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authorJunio C Hamano <gitster@pobox.com>2014-10-14 17:49:45 (GMT)
committerJunio C Hamano <gitster@pobox.com>2014-10-14 17:49:45 (GMT)
commitbd107e1052a11cf7dd6baf9077eab52fbb9d9c90 (patch)
tree8488a958144d162776be2fa557d291cb25ac0e6b /Documentation/technical
parent7543dea8b2a33e4a56b0fdd408bc47769238025e (diff)
parent697cc8efd944a32ca472337cd6640004c474b788 (diff)
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Merge branch 'mh/lockfile'
The lockfile API and its users have been cleaned up. * mh/lockfile: (38 commits) lockfile.h: extract new header file for the functions in lockfile.c hold_locked_index(): move from lockfile.c to read-cache.c hold_lock_file_for_append(): restore errno before returning get_locked_file_path(): new function lockfile.c: rename static functions lockfile: rename LOCK_NODEREF to LOCK_NO_DEREF commit_lock_file_to(): refactor a helper out of commit_lock_file() trim_last_path_component(): replace last_path_elm() resolve_symlink(): take a strbuf parameter resolve_symlink(): use a strbuf for internal scratch space lockfile: change lock_file::filename into a strbuf commit_lock_file(): use a strbuf to manage temporary space try_merge_strategy(): use a statically-allocated lock_file object try_merge_strategy(): remove redundant lock_file allocation struct lock_file: declare some fields volatile lockfile: avoid transitory invalid states git_config_set_multivar_in_file(): avoid call to rollback_lock_file() dump_marks(): remove a redundant call to rollback_lock_file() api-lockfile: document edge cases commit_lock_file(): rollback lock file on failure to rename ...
Diffstat (limited to 'Documentation/technical')
-rw-r--r--Documentation/technical/api-lockfile.txt242
1 files changed, 188 insertions, 54 deletions
diff --git a/Documentation/technical/api-lockfile.txt b/Documentation/technical/api-lockfile.txt
index dd89404..d4484d1 100644
--- a/Documentation/technical/api-lockfile.txt
+++ b/Documentation/technical/api-lockfile.txt
@@ -3,20 +3,128 @@ lockfile API
The lockfile API serves two purposes:
-* Mutual exclusion. When we write out a new index file, first
- we create a new file `$GIT_DIR/index.lock`, write the new
- contents into it, and rename it to the final destination
- `$GIT_DIR/index`. We try to create the `$GIT_DIR/index.lock`
- file with O_EXCL so that we can notice and fail when somebody
- else is already trying to update the index file.
-
-* Automatic cruft removal. After we create the "lock" file, we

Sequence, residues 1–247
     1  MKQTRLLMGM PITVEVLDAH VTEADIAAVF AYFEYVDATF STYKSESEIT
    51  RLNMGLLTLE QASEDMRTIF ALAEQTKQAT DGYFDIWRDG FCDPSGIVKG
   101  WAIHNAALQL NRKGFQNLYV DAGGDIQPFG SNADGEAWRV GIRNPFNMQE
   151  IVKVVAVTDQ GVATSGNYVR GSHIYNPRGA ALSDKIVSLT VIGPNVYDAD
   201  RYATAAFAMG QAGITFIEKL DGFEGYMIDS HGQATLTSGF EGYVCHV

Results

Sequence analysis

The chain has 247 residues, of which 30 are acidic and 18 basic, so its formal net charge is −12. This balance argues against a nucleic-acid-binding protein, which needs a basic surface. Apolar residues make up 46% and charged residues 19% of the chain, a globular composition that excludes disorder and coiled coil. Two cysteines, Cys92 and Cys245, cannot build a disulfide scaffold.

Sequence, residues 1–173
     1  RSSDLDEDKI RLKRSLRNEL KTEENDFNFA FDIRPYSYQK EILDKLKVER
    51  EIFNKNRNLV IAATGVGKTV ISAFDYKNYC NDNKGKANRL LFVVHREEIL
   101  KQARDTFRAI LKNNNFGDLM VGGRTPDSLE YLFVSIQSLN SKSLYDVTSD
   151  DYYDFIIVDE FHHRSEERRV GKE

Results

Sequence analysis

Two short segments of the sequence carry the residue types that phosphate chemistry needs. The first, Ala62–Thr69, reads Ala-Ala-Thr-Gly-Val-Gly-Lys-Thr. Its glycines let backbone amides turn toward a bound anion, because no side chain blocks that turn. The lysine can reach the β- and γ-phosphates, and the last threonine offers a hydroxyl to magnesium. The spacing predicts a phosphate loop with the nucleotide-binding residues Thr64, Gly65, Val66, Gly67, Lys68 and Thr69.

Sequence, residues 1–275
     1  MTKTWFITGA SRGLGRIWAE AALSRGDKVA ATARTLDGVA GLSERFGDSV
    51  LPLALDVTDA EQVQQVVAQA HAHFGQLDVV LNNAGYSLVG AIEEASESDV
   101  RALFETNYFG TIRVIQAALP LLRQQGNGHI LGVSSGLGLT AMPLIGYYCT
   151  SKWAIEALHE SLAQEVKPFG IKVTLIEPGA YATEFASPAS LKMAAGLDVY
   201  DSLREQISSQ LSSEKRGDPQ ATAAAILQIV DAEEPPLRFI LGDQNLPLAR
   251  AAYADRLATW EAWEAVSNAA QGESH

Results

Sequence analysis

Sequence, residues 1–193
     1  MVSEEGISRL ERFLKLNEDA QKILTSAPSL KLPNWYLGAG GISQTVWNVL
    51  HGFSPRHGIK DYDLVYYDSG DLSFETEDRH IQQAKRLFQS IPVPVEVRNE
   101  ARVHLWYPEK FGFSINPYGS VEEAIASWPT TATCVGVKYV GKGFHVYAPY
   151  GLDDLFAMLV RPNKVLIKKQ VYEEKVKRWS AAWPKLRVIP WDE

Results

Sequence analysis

- may decide to `die()`, and we would want to make sure that we
- remove the file that has not been committed to its final
- destination. This is done by remembering the lockfiles we
- created in a linked list and cleaning them up from an
- `atexit(3)` handler. Outstanding lockfiles are also removed
- when the program dies on a signal.
+* Mutual exclusion and atomic file updates. When we want to change a
+ file, we create a lockfile `<filename>.lock`, write the new file
+ contents into it, and then rename the lockfile to its final
+ destination `<filename>`. We create the `<filename>.lock` file with
+ `O_CREAT|O_EXCL` so that we can notice and fail if somebody else has
+ already locked the file, then atomically rename the lockfile to its
+ final destination to commit the changes and unlock the file.
+
+* Automatic cruft removal. If the program exits after we lock a file
+ but before the changes have been committed, we want to make sure
+ that we remove the lockfile. This is done by remembering the
+ lockfiles we have created in a linked list and setting up an
+ `atexit(3)` handler and a signal handler that clean up the
+ lockfiles. This mechanism ensures that outstanding lockfiles are
+ cleaned up if the program exits (including when `die()` is called)
+ or if the program dies on a signal.
+
+Please note that lockfiles only block other writers. Readers do not
+block, but they are guaranteed to see either the old contents of the
+file or the new contents of the file (assuming that the filesystem
+implements `rename(2)` atomically).
+
+
+Calling sequence
+----------------
+
+The caller:
+
+* Allocates a `struct lock_file` either as a static variable or on the
+ heap, initialized to zeros. Once you use the structure to call the